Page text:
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Transitions to Alternative Transportation Technologies — A Focus on Hydrogen
The Hydrogen-powered ICEV
Hydrogen-powered ICEVs (HICEVs) have been demonstrated by several auto companies including Ford and BMW. BMW even offers a model to the public for lease. The hydrogen ICEV has many of the same advantages as an HFCV in that the fuel can be made from various sources and the primary combustion product is water. However since the HICEV still uses an oil-based lubricant, a small amount of this is consumed and very small CO2 releases result. In addition since combustion still takes place at a high temperature, some NOx emissions also result.
An HICEV can be about 25 percent more efficient than a gasoline ICEV, but this is offset by increases in engine cost resulting from the light nature of hydrogen. It is difficult to get enough air and hydrogen into the cylinders at normal pressure. Either much bigger cylinders are needed or boosting the air pressure through turbocharging or supercharging is needed to achieve the power a gasoline engine provides. Either choice increases the cost.
Perhaps the most difficult technical problem to resolve is storing enough hydrogen on board to travel a reasonable distance. Since the efficiency of the HICEV is only about 60 percent that of an HFCV, much more hydrogen is needed to travel the same distance. This probably will limit the number of HICEVs that enter the market.
Because of the ease in converting an existing gasoline ICEV vehicle design to an HICEV it is likely that if a hydrogen infrastructure were built, some number of HICEVs would also be built. Since the cost of this conversion is much lower than the cost of an HFCV the number could be influenced by future carbon policy or other government actions aimed at increasing hydrogen demand in order to reduce hydrogen cost especially at the beginning of the transition.
manufactured and delivered to a site ready for installation. Research and development has focused on small-scale natural gas reforming and water electrolysis.
This distributed approach likely will include adding hydrogen generating and storage to some existing gasoline filling stations as well as building retail stations specifically designed for hydrogen. The size of the stations can also be increased to become commercial scale (1,500 kg/d), reducing the cost of hydrogen further.
Full-size hydrogen stations, however, require much larger footprints than today’s gasoline equivalent. Typical modern gasoline stations are approximately 6,500 square feet, including a mini-mart. Area requirement is a very significant issue because suitable large sites may be difficult to find in urban areas and acquiring the needed permits is also likely to be difficult. DOE analysis estimates that the footprint for an existing gasoline station will have to be increased by about 7,200 square feet for either a full-size natural gas reformer or a water electrolysis system (Gronich, 2007). Even a smaller unit (e.g., 100 kg/d), would require about 2,200 square feet additional area. In any case, these are significant increases that will limit the number of existing sites that could possibly be used for dispensing hydrogen. This opens up the possibility that many of the hydrogen refueling sites will be at nontraditional locations such as shopping malls and big-box retailer parking areas or even auto dealerships. Box 3.2 discusses the latter option.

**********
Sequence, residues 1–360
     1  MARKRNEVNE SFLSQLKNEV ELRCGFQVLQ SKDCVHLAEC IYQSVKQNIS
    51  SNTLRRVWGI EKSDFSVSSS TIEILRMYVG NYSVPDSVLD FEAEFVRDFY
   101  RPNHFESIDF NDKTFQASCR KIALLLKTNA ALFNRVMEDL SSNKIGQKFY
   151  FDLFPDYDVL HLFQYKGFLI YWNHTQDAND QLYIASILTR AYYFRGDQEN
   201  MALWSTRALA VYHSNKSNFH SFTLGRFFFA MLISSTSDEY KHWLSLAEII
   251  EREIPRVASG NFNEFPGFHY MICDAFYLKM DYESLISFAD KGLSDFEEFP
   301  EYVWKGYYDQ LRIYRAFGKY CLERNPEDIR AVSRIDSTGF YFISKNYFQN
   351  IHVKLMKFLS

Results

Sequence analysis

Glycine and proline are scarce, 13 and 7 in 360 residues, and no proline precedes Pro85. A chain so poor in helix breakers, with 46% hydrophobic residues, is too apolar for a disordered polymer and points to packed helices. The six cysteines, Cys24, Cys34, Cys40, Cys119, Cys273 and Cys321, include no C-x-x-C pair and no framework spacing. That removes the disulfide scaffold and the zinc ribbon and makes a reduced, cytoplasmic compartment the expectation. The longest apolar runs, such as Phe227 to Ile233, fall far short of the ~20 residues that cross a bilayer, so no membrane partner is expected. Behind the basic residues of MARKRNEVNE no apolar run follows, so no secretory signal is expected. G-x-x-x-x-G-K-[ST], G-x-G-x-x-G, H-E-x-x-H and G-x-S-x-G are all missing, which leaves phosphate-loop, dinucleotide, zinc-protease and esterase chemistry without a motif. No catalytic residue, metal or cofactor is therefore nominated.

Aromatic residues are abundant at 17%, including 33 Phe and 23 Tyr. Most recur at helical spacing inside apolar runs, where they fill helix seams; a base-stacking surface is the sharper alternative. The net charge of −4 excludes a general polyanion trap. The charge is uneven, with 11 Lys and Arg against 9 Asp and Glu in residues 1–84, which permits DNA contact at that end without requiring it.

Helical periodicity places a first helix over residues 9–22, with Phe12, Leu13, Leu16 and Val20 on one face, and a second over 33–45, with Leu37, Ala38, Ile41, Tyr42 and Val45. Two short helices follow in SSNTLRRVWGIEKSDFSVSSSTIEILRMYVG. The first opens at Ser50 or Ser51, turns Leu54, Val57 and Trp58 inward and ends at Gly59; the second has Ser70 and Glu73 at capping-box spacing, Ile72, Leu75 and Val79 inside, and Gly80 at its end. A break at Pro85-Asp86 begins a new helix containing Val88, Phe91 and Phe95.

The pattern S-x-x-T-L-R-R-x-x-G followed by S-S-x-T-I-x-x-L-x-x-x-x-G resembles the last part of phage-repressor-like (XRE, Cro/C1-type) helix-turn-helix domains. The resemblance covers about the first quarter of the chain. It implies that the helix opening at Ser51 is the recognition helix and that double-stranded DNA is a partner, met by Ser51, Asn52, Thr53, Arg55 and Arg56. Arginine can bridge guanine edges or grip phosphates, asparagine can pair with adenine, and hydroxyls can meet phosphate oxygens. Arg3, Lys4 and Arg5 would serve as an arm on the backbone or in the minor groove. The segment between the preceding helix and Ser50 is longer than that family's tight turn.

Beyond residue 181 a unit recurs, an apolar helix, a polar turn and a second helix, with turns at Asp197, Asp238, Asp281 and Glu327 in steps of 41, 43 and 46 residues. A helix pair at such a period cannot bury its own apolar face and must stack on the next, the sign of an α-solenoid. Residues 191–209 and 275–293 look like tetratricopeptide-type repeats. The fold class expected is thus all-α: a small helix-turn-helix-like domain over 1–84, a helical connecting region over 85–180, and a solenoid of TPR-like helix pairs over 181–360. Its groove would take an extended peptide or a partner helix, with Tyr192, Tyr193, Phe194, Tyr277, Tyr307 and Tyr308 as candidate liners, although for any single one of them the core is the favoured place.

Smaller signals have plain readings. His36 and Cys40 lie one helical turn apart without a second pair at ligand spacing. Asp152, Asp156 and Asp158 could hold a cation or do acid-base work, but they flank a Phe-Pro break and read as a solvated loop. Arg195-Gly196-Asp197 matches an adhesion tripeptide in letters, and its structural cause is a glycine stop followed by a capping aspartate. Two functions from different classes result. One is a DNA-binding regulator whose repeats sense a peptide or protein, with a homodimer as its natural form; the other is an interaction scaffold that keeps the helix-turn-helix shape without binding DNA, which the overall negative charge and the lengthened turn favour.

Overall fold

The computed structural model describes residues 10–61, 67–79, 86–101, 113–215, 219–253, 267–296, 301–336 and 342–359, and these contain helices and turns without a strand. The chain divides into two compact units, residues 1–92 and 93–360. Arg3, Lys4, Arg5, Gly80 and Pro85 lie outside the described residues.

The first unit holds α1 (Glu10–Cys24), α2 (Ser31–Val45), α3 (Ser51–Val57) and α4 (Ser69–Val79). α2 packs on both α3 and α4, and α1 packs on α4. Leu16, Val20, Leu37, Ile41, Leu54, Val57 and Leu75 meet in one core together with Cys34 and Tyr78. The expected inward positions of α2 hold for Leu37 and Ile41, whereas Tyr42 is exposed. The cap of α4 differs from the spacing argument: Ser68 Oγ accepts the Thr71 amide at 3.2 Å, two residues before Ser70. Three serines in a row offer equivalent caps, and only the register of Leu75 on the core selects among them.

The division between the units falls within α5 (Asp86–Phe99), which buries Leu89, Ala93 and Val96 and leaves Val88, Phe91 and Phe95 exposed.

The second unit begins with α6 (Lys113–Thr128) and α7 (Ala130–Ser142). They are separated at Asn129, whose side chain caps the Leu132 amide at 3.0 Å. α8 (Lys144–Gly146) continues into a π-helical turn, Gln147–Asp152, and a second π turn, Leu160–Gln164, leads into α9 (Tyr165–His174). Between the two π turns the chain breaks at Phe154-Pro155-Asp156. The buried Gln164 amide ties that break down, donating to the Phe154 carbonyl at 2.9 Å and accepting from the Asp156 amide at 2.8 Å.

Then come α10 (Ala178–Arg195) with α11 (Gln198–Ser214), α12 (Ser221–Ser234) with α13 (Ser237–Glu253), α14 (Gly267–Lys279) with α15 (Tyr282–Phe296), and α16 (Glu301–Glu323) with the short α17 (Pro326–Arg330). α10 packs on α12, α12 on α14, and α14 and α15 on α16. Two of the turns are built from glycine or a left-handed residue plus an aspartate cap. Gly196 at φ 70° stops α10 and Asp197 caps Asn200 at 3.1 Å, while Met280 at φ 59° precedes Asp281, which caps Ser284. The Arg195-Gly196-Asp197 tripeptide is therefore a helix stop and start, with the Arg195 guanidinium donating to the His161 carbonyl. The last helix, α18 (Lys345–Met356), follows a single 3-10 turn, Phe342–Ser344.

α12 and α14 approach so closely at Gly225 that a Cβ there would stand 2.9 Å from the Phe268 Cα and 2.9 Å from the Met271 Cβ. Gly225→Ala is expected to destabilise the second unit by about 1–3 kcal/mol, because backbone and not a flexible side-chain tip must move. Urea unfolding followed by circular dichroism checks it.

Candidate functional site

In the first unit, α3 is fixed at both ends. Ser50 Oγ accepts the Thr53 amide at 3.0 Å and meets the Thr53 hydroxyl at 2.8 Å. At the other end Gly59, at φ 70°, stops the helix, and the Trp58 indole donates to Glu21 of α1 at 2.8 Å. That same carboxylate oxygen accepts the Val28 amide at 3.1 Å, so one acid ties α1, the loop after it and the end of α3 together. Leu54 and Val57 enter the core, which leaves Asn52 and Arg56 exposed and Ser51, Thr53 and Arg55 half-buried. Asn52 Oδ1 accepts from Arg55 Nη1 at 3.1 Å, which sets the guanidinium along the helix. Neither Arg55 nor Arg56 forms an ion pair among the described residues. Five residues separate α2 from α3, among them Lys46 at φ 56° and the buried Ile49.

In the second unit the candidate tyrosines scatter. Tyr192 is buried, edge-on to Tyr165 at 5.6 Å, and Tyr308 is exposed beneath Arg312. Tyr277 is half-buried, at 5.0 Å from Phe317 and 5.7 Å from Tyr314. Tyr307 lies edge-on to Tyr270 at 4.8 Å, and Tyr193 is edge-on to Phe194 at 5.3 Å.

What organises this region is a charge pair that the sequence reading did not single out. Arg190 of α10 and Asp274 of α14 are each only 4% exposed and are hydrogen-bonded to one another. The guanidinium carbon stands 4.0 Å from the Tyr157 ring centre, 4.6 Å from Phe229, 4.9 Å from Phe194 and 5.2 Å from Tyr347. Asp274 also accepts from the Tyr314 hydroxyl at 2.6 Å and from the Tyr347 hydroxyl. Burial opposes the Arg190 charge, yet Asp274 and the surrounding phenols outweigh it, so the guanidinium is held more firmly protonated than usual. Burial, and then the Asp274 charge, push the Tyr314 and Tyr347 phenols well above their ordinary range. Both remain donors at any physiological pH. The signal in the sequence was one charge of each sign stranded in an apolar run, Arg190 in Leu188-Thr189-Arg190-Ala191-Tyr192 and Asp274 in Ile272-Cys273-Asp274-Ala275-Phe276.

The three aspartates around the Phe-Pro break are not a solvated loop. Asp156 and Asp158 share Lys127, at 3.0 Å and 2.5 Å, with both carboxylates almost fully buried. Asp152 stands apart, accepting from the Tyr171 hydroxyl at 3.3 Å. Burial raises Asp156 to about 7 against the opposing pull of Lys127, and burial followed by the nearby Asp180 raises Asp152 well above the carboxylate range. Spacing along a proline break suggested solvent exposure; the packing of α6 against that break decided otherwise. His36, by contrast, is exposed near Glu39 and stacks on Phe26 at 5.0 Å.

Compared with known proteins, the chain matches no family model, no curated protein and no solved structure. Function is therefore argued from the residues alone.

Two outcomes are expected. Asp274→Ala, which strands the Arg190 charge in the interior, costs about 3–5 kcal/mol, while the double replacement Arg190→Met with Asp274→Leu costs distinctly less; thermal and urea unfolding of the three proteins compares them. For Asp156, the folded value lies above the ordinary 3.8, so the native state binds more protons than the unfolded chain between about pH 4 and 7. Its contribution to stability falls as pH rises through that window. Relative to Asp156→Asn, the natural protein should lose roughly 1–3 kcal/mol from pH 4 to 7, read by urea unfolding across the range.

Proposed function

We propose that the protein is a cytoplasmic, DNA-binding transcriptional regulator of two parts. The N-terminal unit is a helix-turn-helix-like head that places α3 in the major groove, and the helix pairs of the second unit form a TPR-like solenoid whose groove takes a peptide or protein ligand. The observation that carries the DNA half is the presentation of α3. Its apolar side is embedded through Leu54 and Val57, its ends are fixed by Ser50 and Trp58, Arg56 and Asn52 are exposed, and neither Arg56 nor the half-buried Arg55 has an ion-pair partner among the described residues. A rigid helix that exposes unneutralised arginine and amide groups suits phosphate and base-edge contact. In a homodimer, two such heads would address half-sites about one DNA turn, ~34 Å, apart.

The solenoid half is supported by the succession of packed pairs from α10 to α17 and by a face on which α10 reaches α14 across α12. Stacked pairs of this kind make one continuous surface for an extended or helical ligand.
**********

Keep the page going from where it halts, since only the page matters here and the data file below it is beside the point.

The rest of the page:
Distributed natural gas reforming is the lowest-cost method of delivering hydrogen to an HFCV during this period of low but growing demand for hydrogen. Most large urban areas have an existing natural gas infrastructure allowing its use in such places. For locations in which natural gas is not available, the outer reaches of population centers, or areas between cites along highways. other methods are needed. Water electrolysis is a proven, higher-cost, method of hydrogen production. Table 3.1 summarizes hydrogen
Auto Dealers Selling HFCVs and Hydrogen
Auto dealers selling and servicing HFCVs will need hydrogen on-site for initial fills and likely for some types of service. They may be willing to either sell hydrogen to the general public or to provide land to a fuel supplier at their dealer site. It would be a selling point, especially in the early stages of the transition, because dealers could assure customers that hydrogen fuel would be available at least at their facility and neighboring dealerships. Personnel at the dealership would have to be familiar with fueling procedures anyway, so the need for specially trained personnel would be reduced. Many dealerships also would have sufficient land area, unlike most current gasoline stations.
To see if this concept is feasible, the committee examined General Motors dealerships in the Los Angeles Basin. There are 131 GM dealers in the 2,027 square mile basin, or one for every 15.5 square miles. On average, there is one GM dealership within 2.2 miles of every person, which is not a great driving distance to refuel.
Although this is only one example, and indeed a very simplified way of viewing the concept, it appears that dealerships could contribute to hydrogen availability early in the transition. Dealers and customers would have to adapt to a different mode of business, but this should be feasible. Many other types of locations would also be needed because the number of auto dealerships is small compared to the number of gasoline stations.